Each simulation and galaxy model will potentially contain a vast array of properties of interest to astronomers. TAO groups its data for each halo–galaxy pair into the following categories:
For those considering importing their data into TAO, in here we provide a summary of the minimum property requirements that TAO needs to operate, broken down by science module.
To build a mock light-cone the data must contain Cartesian coordinates for each halo–galaxy pair from the original simulation box; these are then converted to angular coordinates and redshifts. Furthermore, conversion to redshift space requires Cartesian velocities (i.e. proper motion of the galaxies).
TAO must be able to walk each halo merger tree from any point in its history. Hence, for each object we require pointers that identify both the previous time-step progenitor and that link the sequence of subhalos in a FoF halo at a given time-step in order of decreasing mass. We currently adopt the SUBFIND system of pointers, assuming they are stored in depth-first order for each merger tree, as illustrated by Figure 11 of the Supplemental Material in Springel et al. (2005). Furthermore, to calculate magnitudes the SED module must be able to extract star formation and metallicity histories for each galaxy. Also, the initial mass function (IMF) assumed when calibrating the model is required (e.g., this typically constrains the recycling fraction of mass returned to the interstellar medium from stellar winds).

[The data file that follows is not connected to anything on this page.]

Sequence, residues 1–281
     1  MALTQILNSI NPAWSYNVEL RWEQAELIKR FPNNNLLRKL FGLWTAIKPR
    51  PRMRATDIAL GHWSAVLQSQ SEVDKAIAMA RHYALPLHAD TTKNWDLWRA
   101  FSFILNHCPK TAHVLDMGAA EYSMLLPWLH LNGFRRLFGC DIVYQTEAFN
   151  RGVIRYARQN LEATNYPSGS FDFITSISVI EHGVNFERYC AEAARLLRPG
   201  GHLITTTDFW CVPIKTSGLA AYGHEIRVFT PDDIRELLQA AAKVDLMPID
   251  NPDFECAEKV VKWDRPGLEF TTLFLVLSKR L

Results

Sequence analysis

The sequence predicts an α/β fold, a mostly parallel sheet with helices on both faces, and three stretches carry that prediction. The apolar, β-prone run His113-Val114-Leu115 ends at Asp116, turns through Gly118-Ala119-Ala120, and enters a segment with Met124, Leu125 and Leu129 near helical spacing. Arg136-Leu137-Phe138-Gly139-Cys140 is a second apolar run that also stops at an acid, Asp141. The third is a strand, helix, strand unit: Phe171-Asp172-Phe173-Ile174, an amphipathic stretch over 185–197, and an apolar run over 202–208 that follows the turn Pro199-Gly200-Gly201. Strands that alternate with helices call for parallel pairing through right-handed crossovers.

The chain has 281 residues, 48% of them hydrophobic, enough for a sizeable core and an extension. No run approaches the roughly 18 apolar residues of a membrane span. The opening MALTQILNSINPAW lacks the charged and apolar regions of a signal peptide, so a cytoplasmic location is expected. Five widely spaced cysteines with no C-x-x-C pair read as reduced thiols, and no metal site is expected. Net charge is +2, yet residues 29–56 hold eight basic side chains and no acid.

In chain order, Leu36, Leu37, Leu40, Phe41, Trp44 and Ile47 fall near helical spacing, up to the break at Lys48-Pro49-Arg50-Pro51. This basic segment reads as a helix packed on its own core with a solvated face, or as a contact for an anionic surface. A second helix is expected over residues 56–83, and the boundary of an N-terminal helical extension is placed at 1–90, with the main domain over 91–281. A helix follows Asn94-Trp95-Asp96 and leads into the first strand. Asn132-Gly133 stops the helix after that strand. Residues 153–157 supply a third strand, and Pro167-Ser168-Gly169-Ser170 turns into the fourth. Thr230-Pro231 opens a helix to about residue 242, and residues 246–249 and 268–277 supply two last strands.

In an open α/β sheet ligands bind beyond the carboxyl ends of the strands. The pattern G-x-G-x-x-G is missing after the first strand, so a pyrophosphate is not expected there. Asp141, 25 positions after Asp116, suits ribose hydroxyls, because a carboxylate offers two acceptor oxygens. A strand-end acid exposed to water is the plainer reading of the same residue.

The image module requires some measure of morphology to correctly construct the right shape for each galaxy before rendering. This may take the form of seperate disk and bulge stellar masses, for example.